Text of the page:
Final Fantasy Type-0 was first unveiled at E3 in 2006, then finally released in Japan in 2011. Final Fantasy fans have been begging for a Western release of Type-0 ever since. Now, almost 4 years later — after much demand that director Hajime Tabata himself admitted he found “surprising” — we finally have Type-0 in glorious high definition on PS4 and Xbox One. But does it stack up to Final Fantasy standard? Many fans consider the series dead now after recent, less universally loved additions to the series’ library, but Type-0 may just be the game to restore some people’s faith.
The opening scene sees a wounded soldier limping through war-torn streets, encountering his fellow soldiers brutally murdered by the enemy. The soldier and his faithful Chocobo eventually suffer the same fate. It was a vivid moment that really stuck with me for the rest of the game. I’d never before seen as much blood in a Final Fantasy game as in that single scene. From then on, I knew Type-0 was going to be much darker than I had anticipated.
Type-0 finds itself in Orience, a vast land divided into four nations by the crystals of power that reside with them. The story follows Class Zero, an elite group of young cadets from the school of magic in the Rubrum region retaliating against the Militesi Empire, which has invaded their region. The game boasts a massive 14 playable characters from Class Zero, all with their own loadouts of weapons and magic. This makes each character feel unique during gameplay; however, having so many hinders the depth and emotional connection to them that the series is often renowned for. During your free time between missions, you can discover some humorous and heartbreaking scenes with specific characters, but this still doesn’t really improve on the already thin and convoluted story.
In its visuals, the game is somewhat disappointing for a current-gen game considering how impressive other PSP remasters such as Metal Gear Solid: Peace Walker and Kingdom Hearts: Birth by Sleep have been. Akademia, the game’s central hub, seems to have had the largest overhaul in the whole game, now rich in colour and with impressive lighting and shadows; venturing outside into Orience makes the environments look incredibly dull in comparison. The character models for the playable characters have all been polished for HD, but often I found myself walking into a town where the NPCs looked as though they had been forgotten about in the war of game development.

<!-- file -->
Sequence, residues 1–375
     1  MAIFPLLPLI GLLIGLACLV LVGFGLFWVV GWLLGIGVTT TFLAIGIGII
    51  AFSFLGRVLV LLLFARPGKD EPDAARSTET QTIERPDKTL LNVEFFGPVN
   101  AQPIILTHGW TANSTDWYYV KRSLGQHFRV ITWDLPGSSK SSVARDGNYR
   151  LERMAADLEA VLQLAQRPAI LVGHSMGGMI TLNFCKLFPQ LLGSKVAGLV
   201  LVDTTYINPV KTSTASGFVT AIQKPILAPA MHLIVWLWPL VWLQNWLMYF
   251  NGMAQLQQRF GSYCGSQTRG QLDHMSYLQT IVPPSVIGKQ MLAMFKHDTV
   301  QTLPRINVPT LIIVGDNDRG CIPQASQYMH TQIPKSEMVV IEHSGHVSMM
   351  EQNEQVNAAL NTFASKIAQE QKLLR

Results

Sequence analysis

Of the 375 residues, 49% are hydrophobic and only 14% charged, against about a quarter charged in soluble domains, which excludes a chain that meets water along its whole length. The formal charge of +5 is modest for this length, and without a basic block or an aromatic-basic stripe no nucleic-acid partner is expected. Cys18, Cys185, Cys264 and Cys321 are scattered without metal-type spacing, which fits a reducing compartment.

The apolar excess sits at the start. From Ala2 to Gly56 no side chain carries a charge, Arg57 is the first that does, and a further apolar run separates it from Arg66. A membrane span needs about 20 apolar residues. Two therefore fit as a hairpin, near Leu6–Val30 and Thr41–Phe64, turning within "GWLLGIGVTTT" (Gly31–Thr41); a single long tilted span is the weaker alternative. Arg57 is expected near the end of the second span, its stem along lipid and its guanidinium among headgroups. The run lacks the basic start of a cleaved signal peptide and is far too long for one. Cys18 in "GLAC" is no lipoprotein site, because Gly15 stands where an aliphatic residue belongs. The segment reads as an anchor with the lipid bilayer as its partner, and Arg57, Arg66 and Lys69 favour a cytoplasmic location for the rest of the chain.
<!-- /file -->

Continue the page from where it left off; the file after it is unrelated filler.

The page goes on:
Type-0’s strongest attribute is its fast-paced, action-oriented gameplay. Most encounters in the world map last under a minute, which could be thanks to the newly offered Cadet difficulty as Japanese gamers complained the game was too difficult. While adding the game’s easier difficulty, Square Enix removed the co-operative mode from the remaster as this mode would have to be completely rebuilt and would have hindered the development time. It’s a shame, really, because there’s an excellent Borderlands-esque co-op mode of adventure and dungeon-crawling out there for Type-0 that we’ll never get to experience. Although, playing solo and switching from character to character in battle keeps the game from becoming repetitive.
I’m not much of a handheld gamer myself, but I might have enjoyed Type-0 more as a casual portable game on PSP. As a full-fledged rebuild for consoles it doesn’t quite live up to the standards I expect from a Final Fantasy game. If you’re still looking for a fun and addictive JRPG, I recommend giving Type-0 HD a chance; it could be the Final Fantasy game you’ve been waiting years for.